Review: 2 Chainz,’Rap or Go to the League’

The Atlanta rapper continues to exhibit the evolution of ignorant 2 Chainz to mature 2 Chainz, but sacrifices replay value in the process.

No rapper has experienced quite the career like 2 Chainz. Contrary to popular belief, 2 Chainz emerged in the early 2000s as Tity Boi, half of the Playaz Circle duo signed to Ludacris’ Disturbing Tha Peace label. It wasn’t until 2012 when 2 Chainz underwent a total rebrand and grasped immediate success through singles such as “No Lie”, “Birthday Song” and “I’m Different”. The zany, comedic approach 2 Chainz adopted is an overlooked precursor to the modern trends of rap today; Lil Pump, Young Thug and Ski Mask the Slump God all inspired by Chainz’s most infamous lines (“She got a big booty so I call her Big Booty”). Nowadays, 2 Chainz is far past the ploy that put him on the map, evolving into a respectable rapper focused on delivering memorable albums.

2 Chainz’s fifth album continues to showcase the rapper’s detachment from his past gimmicks. However, the album’s compelling message grapples with the task of translating into memorable songs.

The crux of Rap or Go to the League is the refusal to be pinned by the typical career expectations of a black man. Tauheed Epps has experienced both sides of the stereotype, a 6ft4 college kid aspiring to reach the NBA before pursuing a career in rap. 2 Chainz selectively paints this picture on the album’s best tracks, resulting in the most compelling content of his career without reaching its full potential.

Rap or Go to the League ensures there is a bit of every version of 2 Chainz. Throwbacks to the Based on a T.R.U. Story era are scattered across the tracklist (“Statue of Limitations”, “2 Dolla Bill”, “NCAA”), as well as the entertaining nods to vintage hip hop (“Threat 2 Society”, “Money in the Way”). Upon closer observation, the classic Chain-isms that define the MC’s ridiculous personality exist. “NCAA” is a signature 2 Chainz song as well as the centrepiece of the album, featuring plenty of outlandish lines to cup the youthful hook (“I use good pussy like it’s lotion” / “I’m playing with the clit like a guitar”). Young Thug’s own eccentricity carries “High Top Versace”, dropping quotables that are sure to validate his abilities as a rapper (“Take the tint off the coupe, keep it fishbowl / In the summertime my rings keep my fist cold”).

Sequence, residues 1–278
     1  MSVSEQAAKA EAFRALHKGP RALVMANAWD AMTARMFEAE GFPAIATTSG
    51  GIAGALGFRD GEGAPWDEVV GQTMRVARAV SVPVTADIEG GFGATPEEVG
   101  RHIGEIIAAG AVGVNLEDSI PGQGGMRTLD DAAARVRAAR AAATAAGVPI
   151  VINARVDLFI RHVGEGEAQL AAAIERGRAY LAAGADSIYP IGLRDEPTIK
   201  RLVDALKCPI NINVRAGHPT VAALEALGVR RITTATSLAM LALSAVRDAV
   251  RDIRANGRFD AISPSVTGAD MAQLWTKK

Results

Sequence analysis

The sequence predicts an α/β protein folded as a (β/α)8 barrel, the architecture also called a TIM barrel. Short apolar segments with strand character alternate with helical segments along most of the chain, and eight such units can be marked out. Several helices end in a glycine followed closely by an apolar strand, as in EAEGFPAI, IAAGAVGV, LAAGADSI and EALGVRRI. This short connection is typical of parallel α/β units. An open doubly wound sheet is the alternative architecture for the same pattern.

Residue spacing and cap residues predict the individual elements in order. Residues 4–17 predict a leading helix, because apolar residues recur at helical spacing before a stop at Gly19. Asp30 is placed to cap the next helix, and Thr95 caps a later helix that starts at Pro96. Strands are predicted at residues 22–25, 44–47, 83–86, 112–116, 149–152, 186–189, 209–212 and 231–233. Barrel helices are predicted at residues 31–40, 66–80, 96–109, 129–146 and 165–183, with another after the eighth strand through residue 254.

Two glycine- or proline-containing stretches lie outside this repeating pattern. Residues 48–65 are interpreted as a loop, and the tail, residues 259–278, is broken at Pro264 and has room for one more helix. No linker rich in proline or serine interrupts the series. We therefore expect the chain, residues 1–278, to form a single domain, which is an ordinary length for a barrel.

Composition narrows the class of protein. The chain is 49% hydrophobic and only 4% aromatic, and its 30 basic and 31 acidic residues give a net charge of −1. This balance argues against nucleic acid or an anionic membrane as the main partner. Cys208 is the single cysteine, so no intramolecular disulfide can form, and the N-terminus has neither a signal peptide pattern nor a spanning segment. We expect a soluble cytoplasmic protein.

To its detriment, Rap or Go to the League is a top-heavy album. After a consistent first half, the second half sees a dip in quality and replay value. 2 Chainz channels his inner Fabolous on “Rule the World”, a song from the vault of 2000s R&B crossovers. Although the song is listenable, Ariana Grande struggles to reproduce the R&B authenticity a vocalist like an Amerie or Aaliyah could. The bubblegum rap continues on “Girl’s Best Friend”, the ROGTTL equivalent to PGLTM‘s “It’s a Vibe” that is as forgettable as its subject suggests. “Momma I Hit a Lick” is a promising collaboration with Kendrick Lamar that falls short of its potential. The Pharrell-produced beat is not rewarded with a memorable hook, concept or substance, especially from Lamar’s verse. Classic samples are awkwardly assembled on “I Said Me” without purpose, specifically the “My Favourite Things” sample obstructing the brilliance of Chainz’s verses.

With every album, 2 Chainz reminds listeners he is a certified hitman. Rap or Go to the League searches for that solidified hit that never arrives. The Travis Scott collaboration “Whip” is the album’s best shot, but positions Travis Scott to take the three-pointer. Scott rarely puts his best foot forward when it comes to features, and “Whip” is another example of a flat guest performance. “Proud” featuring YG and Offset would have served as the album’s standout hit if included, a rare instance of 2 Chainz (or the album’s ‘A&R’ LeBron James) dropping the ball for song selection.

Rap or Go to the League roams in the middle ground of 2 Chainz providing classic 2 Chainz and finding a formula for translating mature messages into memorable songs. The first half built a promising foundation, however the underwhelming second half demonstrates that album concept is neither in the booth nor the court.

Rating: 6 / 10

Best tracks: “NCAA”, “High Top Versace”, “Money in the Way”, “Threat 2 Society”, “Statue of Limitations”